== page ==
A question has been lingering in Florida since Special Counsel Robert Mueller revealed that Russian hackers gained access to a Florida county.

Does this vindicate former U.S. Sen. Bill Nelson? He apparently thinks so.

In a statement to the Tampa Bay Times, the former Democratic senator said Mueller’s report explains why last summer he sounded the alarm and claimed that Russians “are in” voting records in Florida.

“The Senate Intelligence Committee Chairman and Vice Chairman asked Sen. Rubio and me in June 2018 to send a letter to the 67 county Supervisors of Election to warn them of Russian intrusion in Florida," Nelson’s statement said. "The Mueller Report makes clear why we had to take that important step as well as my verbal warnings thereafter.”

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There are still a lot of questions left unanswered by that statement. Nelson claimed that Russia accessed voting records and alarmingly said hackers “have already penetrated certain counties in the state and they now have free rein to move about.”

The Florida Department of State as well as all county supervisors of elections reached in the last 24 hours remain insistent that their systems were not “penetrated” and that no voting records were reached. Since last year, some counties, including Hillsborough, acknowledged they received a phishing scam email, however, no one opened it. Volusia County said it opened one of the infected emails, but not the attachment that could have generated problems.

“We’ve been in regular communication with the FBI and Department of Homeland Security, ever since elections were declared critical infrastructure,” said Gerri Kramer, spokeswoman for the Hillsborough County Supervisor of Election. "To our knowledge, no entity has gained access here in Hillsborough County.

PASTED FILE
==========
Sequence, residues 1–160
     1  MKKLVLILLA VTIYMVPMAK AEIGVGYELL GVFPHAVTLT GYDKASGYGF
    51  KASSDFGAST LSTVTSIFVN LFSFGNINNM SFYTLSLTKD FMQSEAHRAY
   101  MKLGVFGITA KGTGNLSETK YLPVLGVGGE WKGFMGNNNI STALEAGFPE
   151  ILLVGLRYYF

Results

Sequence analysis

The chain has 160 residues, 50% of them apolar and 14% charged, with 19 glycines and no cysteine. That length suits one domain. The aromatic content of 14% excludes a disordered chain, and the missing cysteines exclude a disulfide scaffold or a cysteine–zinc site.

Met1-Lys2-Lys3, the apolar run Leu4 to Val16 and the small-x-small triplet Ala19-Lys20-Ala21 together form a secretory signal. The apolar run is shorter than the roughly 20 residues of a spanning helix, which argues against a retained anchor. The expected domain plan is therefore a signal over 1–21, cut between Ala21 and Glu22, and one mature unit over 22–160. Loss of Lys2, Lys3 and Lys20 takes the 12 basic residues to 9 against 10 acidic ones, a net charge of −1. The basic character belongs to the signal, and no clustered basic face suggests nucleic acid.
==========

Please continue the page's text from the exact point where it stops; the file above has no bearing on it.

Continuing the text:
Mueller’s report did not say which county was accessed and Nelson didn’t elaborate. Nor does Mueller explain what he means by “accessed.” His report also said that the Illinois state election board was “compromised," which appears more serious.

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The report also didn’t verify that a Florida county’s supervisor of elections office was accessed, rather, it only says "one Florida county government.” It could have been a county government agency unrelated to elections.

“Upon learning of the new information released in the Mueller report, the Department (of State) immediately reached out to the FBI to inquire which county may have been accessed, and they declined to share this information with us,” spokesperson Sarah Revell said in an email.

Nelson remarks last year came in the middle of his Senate race with Republican Rick Scott. Scott eventually won in a recount. During the campaign, Scott repeatedly criticized Nelson for being either confused or careless with classified information.

At one point, Nelson was asked to specify. “That’s classified,” he said. He then disappeared for several days, leaving many state election officials wondering what he meant.

Once again, Nelson could not be reached for further comment.